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Poisoning animals for magic: Africa’s ‘vulture investors’

Elsewhere in southern and eastern Africa, one of the main reasons for the declines in vulture populations is poaching. In many parts of Africa these endangered birds have also been poisoned in large numbers in association with elephant poaching.

Published: December 13, 2016, 2:14 pm

    Before 1994, poaching was rare because there were other abundant food sources as well as alternative sources of income. But with South African borders becoming porous under ANC-SACP rule, the first evidence of the poaching of elephants in the north of the Kruger National Park has both shocked and dismayed wildlife enthusiasts in southern Africa.

    “It seems poachers have resorted to wildlife poisoning in the national parks and other protected areas in southern Africa,” Glenn Phillips, the park’s managing executive, said in a statement in March 2016 when the news broke of a second mass killing.

    Although the Kruger is one of the best protected wildlife parks, nineteen of these majestic animals have been poached to date. Sadly, the stark reality of the entrenched African belief system hit home in the Kruger National Park when a game ranger alerted authorities to the first mass-poisoning of vultures at an elephant carcass in the Vlakteplaas section of the Park.

    A second mass poisoning took place in the KNP in March this year, claiming 110 of the critically endangered white-backed vultures, one elephant, two lions and two black-backed jackals. Initial investigations showed the elephant was shot in the head, its tusks removed and its carcass laced with poison.

    This follows after an elephant, four lions, 46 white-backed vultures and a bateleur were poisoned in October last year. Both poisonings took place in the Vlakteplaas section of the park.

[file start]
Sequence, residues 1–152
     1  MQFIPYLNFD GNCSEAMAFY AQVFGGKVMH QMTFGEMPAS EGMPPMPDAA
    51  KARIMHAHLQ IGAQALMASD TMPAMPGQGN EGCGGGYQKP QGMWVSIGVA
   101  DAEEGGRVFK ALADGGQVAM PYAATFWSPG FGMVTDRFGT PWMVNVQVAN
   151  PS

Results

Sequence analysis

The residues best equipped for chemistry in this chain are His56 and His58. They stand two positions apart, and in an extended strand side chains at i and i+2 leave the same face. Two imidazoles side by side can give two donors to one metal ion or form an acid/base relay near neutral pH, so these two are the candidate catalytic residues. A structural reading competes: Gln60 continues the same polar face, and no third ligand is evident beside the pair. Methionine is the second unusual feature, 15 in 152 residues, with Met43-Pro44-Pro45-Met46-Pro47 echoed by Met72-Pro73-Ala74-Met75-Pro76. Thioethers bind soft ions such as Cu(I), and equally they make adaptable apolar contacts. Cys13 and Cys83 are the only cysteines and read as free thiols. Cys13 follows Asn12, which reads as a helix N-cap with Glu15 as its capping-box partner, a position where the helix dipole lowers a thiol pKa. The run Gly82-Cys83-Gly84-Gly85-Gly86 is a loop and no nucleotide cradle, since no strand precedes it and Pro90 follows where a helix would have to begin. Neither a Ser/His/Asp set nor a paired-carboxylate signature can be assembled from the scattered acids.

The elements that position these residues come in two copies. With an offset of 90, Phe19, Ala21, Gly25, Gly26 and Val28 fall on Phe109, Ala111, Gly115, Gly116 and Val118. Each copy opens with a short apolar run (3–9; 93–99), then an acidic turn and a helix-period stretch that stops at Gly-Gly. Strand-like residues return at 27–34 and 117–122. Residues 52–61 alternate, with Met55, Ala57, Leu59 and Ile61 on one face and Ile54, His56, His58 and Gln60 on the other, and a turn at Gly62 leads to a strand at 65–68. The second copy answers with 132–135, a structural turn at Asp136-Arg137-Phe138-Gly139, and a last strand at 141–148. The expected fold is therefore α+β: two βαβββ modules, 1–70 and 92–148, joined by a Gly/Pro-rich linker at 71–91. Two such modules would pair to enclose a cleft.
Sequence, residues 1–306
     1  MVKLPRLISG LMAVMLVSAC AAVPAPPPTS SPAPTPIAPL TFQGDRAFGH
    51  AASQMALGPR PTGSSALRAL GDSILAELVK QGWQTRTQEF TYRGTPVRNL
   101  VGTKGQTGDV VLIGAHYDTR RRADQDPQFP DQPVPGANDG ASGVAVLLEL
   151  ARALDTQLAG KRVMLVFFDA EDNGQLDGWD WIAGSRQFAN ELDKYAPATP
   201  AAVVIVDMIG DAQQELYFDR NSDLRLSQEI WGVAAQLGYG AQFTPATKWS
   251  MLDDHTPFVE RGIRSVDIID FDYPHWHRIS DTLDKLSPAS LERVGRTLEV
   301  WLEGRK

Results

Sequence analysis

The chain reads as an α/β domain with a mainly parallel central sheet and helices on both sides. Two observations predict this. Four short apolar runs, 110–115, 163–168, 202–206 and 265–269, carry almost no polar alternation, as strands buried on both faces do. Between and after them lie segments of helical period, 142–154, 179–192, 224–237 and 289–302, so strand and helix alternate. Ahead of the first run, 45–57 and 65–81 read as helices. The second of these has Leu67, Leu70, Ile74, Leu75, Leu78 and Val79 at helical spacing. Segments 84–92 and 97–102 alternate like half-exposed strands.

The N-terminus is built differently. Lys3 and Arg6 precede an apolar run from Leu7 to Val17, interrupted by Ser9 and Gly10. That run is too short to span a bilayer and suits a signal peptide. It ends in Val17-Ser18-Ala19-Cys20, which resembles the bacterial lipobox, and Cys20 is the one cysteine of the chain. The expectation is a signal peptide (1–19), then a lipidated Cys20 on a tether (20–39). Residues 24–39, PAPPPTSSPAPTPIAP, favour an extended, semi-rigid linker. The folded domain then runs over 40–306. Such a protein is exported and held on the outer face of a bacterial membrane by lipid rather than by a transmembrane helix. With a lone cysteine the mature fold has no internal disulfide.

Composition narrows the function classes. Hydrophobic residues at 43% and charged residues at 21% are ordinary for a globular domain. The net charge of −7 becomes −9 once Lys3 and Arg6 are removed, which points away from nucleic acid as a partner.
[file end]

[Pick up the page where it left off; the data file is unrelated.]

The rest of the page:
Animals in Africa are not only eaten, but hunted for more sinister reasons such as magic and sorcery. The poaching of elephants to attract vultures is a well-known but chilling fact. The heads of the birds were removed, the paws of the felines as well as various other body parts.

    FWM visited a wildlife sanctuary at the Hartbeespoortdam outside Johannesburg, South Africa, last month to see some of the endangered species, including several kinds of vultures.

    Six of Africa’s 11 vulture species – the continent’s largest and most recognisable birds of prey – are now at a higher risk of extinction, according to the latest assessment of birds carried out by BirdLife International for the IUCN Red List of Threatened Species. The main cause of the drop in African vulture populations is the use of vulture body parts in African “medicine” potions.

    Vultures are deliberately targeted by poachers, as the presence of vultures can alert authorities to illegally killed big-game carcasses such as rhinos. Rhino horns fetch extremely high prices on the black market in Asia, because powdered horn is thought to enhance male sexual prowess. Among South African blacks too, so-called “sex muthi” is prized by both women and men, as the tabloid The Daily Sun reported earlier this year.

    A study released today in the conservation journal Oryx reveals that since 2012 ivory poachers have increasingly used poisons to kill elephants or to contaminate their carcasses specifically to eliminate vultures, whose overhead circling might otherwise reveal the poachers’ presence.